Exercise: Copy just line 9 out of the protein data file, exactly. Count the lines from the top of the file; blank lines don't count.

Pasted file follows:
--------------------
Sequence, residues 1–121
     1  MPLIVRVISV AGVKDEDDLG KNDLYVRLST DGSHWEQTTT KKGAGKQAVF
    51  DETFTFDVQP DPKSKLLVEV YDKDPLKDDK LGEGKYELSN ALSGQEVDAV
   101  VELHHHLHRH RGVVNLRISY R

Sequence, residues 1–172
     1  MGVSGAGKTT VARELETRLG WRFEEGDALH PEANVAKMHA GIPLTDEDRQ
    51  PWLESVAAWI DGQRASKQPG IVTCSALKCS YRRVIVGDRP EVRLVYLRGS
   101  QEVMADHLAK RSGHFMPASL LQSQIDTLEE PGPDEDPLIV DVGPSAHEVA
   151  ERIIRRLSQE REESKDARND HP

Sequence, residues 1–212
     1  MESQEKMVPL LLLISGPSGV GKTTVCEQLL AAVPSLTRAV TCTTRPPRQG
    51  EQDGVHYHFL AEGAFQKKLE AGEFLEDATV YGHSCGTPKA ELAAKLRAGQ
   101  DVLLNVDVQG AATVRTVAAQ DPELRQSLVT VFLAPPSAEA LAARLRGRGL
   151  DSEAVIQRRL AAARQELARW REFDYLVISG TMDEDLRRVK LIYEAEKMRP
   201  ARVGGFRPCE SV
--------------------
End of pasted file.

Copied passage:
   151  ERIIRRLSQE REESKDARND HP